Since the last time this blog was updated, the LHC has been restarted and, in the last month or two, the floodgates have been reopened and data from the detector has again started to flow. In the finest traditions of Hollywood, the sequel will take all the elements of the original and turn it up to eleven – or, in this case, 13 TeV, the new collision energy for protons in the LHC. These record-breaking energies mean that the protons are travelling at a brisk 0.99999999c. At such speeds, the relativistic effect of time dilation means that – if you survived – every second you experienced would be nearly two hours for your friend remaining on earth. These effects, while fascinating, have been well-understood for many years: even the Higgs boson had been predicted in 1964. The exciting prospect with the second run of the LHC is that we are entering the realm of new and sometimes controversial physics. While the first run had a clear target, the Higgs, at a known energy, the second run aims to ramp up the collision energy and simply see what we find.
The potential candidates for discovery by this second run-through are numerous. If there is a new ‘holy grail’ of particle physics after the discovery of the Higgs, then arguably it’s dark matter – a name to make film studio executives drool, certainly. On the face of it, you might wonder how particles which are apparently so arcane and difficult-to-produce can really be relevant to our world at large. After all, none of the potential candidates for dark matter have ever been isolated or observed in the laboratory. But it is a testament to the beauty and complexity of the universe that the smallest details of the fundamental particles that make it up can have a huge impact on the grandest possible scale. Take another boson – not the Higgs, but the W boson, which mediates the weak interaction, detailed in this post.
If the mass of this particle were to be slightly greater, the rate of nuclear fusion in the sun would be quicker, it would have burned for a briefer time, and humanity may never have had time to evolve. If its mass were below a certain threshold, the Sun may never have produced enough energy to allow life to evolve. For the first particle physicists, this fortunate lifespan was observed by measuring the length of a line of bubbles in a cloud chamber. The detectors in the LHC are the spiritual heirs of these slightly less sophisticated methods, but the inferences we can make still have profound consequences.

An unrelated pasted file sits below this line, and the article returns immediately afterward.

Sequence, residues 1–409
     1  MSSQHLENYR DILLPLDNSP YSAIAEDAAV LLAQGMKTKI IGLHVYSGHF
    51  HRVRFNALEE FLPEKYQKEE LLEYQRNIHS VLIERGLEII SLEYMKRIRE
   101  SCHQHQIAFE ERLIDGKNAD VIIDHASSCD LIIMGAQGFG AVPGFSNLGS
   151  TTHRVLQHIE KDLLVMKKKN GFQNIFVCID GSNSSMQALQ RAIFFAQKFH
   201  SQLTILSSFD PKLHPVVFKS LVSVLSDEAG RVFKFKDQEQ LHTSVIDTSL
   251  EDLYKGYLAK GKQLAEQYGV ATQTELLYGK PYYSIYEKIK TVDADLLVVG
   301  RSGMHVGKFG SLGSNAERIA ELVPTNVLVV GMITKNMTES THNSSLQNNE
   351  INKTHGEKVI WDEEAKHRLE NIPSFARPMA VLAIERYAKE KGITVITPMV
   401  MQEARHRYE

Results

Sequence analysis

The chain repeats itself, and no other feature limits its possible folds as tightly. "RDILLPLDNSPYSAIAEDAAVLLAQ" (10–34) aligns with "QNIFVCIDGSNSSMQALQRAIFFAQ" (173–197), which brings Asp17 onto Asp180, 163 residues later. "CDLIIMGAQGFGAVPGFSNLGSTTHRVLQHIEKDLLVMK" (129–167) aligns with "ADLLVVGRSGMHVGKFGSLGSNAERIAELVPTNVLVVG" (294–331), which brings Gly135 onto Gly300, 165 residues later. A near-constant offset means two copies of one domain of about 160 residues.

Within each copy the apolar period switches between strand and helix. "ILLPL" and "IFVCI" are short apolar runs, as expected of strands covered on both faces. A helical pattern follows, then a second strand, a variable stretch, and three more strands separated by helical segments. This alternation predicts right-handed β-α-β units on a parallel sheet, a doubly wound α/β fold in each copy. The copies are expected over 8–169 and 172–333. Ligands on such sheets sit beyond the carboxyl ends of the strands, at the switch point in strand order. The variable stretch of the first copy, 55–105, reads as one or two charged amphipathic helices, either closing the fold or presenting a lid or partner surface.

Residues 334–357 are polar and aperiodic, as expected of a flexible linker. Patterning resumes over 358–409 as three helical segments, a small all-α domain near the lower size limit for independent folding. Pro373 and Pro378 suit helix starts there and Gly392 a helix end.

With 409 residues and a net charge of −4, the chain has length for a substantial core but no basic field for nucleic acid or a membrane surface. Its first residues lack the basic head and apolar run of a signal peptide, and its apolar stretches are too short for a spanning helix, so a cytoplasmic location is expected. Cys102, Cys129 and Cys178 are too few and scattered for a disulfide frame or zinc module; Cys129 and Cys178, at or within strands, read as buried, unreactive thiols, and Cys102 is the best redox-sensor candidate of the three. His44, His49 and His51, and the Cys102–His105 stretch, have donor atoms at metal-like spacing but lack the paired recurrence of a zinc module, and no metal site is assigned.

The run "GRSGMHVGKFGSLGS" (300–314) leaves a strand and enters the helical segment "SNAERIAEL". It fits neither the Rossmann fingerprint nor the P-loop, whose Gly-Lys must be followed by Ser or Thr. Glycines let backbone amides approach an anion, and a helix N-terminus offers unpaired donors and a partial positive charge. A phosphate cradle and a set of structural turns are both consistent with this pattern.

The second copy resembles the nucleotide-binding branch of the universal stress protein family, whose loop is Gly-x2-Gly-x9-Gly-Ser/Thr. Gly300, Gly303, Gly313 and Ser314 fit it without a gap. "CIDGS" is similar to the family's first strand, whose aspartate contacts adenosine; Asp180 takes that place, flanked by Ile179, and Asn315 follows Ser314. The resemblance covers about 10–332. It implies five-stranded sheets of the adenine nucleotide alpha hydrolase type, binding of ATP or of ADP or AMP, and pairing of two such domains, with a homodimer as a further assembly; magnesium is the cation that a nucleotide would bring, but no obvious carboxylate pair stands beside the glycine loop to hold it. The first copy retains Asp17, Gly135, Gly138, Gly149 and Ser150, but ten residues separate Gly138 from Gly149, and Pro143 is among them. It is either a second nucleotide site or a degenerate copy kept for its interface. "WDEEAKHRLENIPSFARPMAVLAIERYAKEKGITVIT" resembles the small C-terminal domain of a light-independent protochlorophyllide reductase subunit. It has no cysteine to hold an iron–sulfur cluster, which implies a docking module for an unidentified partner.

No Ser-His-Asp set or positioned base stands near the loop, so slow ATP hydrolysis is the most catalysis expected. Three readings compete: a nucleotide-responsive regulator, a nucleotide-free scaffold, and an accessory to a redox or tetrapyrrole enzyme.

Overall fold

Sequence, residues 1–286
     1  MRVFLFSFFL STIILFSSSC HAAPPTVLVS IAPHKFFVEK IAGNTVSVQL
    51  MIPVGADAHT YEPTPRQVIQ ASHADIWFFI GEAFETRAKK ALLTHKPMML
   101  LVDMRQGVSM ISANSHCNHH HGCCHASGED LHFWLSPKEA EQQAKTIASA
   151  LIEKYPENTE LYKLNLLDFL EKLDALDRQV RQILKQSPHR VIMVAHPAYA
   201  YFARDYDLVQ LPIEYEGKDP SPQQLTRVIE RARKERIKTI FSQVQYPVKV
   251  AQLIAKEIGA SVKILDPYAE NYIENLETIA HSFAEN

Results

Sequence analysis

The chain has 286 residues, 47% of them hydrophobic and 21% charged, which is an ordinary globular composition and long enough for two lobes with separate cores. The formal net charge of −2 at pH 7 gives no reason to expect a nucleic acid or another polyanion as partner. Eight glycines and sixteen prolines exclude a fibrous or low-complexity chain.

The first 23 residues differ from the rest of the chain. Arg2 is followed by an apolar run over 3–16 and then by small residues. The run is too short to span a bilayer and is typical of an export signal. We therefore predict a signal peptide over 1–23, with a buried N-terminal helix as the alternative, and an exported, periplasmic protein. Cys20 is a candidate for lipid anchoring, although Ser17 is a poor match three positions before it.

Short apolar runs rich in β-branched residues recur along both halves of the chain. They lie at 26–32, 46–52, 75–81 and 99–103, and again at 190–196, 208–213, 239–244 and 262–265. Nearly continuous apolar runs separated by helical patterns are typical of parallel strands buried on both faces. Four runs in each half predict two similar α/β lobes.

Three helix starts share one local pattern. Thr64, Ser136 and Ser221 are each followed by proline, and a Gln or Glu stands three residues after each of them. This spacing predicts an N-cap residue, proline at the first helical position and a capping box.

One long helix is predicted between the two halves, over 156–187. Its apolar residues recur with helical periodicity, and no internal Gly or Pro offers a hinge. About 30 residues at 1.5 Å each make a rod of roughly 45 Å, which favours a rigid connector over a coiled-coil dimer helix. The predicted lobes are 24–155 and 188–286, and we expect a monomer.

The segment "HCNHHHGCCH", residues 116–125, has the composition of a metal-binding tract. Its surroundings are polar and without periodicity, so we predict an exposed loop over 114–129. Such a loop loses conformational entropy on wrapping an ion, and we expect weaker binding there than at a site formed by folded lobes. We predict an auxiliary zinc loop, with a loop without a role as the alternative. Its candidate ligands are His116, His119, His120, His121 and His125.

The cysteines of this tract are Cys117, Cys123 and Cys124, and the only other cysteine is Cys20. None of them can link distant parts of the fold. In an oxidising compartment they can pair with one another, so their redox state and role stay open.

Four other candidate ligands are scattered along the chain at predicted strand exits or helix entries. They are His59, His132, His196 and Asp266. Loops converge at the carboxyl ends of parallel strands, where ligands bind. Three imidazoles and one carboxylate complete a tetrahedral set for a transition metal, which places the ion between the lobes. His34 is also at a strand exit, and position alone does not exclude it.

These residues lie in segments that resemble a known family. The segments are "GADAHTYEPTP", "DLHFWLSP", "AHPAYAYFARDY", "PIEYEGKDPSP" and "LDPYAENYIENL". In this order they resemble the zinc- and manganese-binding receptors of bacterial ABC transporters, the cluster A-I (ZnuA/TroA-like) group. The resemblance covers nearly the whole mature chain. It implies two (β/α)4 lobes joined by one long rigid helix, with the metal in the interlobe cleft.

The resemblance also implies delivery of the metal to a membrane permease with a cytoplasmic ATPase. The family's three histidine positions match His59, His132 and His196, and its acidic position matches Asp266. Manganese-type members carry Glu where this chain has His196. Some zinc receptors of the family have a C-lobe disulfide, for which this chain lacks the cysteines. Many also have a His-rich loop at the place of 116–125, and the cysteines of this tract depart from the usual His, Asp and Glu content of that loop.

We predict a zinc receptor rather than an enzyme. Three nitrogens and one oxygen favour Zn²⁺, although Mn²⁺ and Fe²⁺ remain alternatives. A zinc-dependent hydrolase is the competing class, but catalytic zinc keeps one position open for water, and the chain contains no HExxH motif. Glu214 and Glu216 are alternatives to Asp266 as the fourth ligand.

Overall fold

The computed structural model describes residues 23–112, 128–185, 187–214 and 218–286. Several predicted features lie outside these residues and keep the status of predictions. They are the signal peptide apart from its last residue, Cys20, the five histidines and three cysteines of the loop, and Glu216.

Dark matter provides another example of how the nature of subatomic particles can influence structure on the grandest scale. The predicted gravitational interactions between stars, galaxies and other large-scale structures were inconsistent with the amount of mass that was actually observed. As well as this, the universe seems to be flat – having no overall curvature. At the same time, cosmologists can measure how its expansion is accelerating using the light from distant supernovae. For these results to be consistent, matter in the universe should have a certain average density of around 6 hydrogen atoms per cubic metre: but visible matter is only 4% of this. Most cosmologists are certain that dark matter explains these phenomena, so particle physicists are looking for a new subatomic particle that – unlike protons and electrons – doesn’t interact electromagnetically, and so doesn’t absorb or emit light. Like the Higgs boson, predictions of dark matter have been around for decades, and models that feature it have become very sophisticated, but until it is actually observed there will still be some controversy, with leading alternative models including modifications to our current theory about gravity.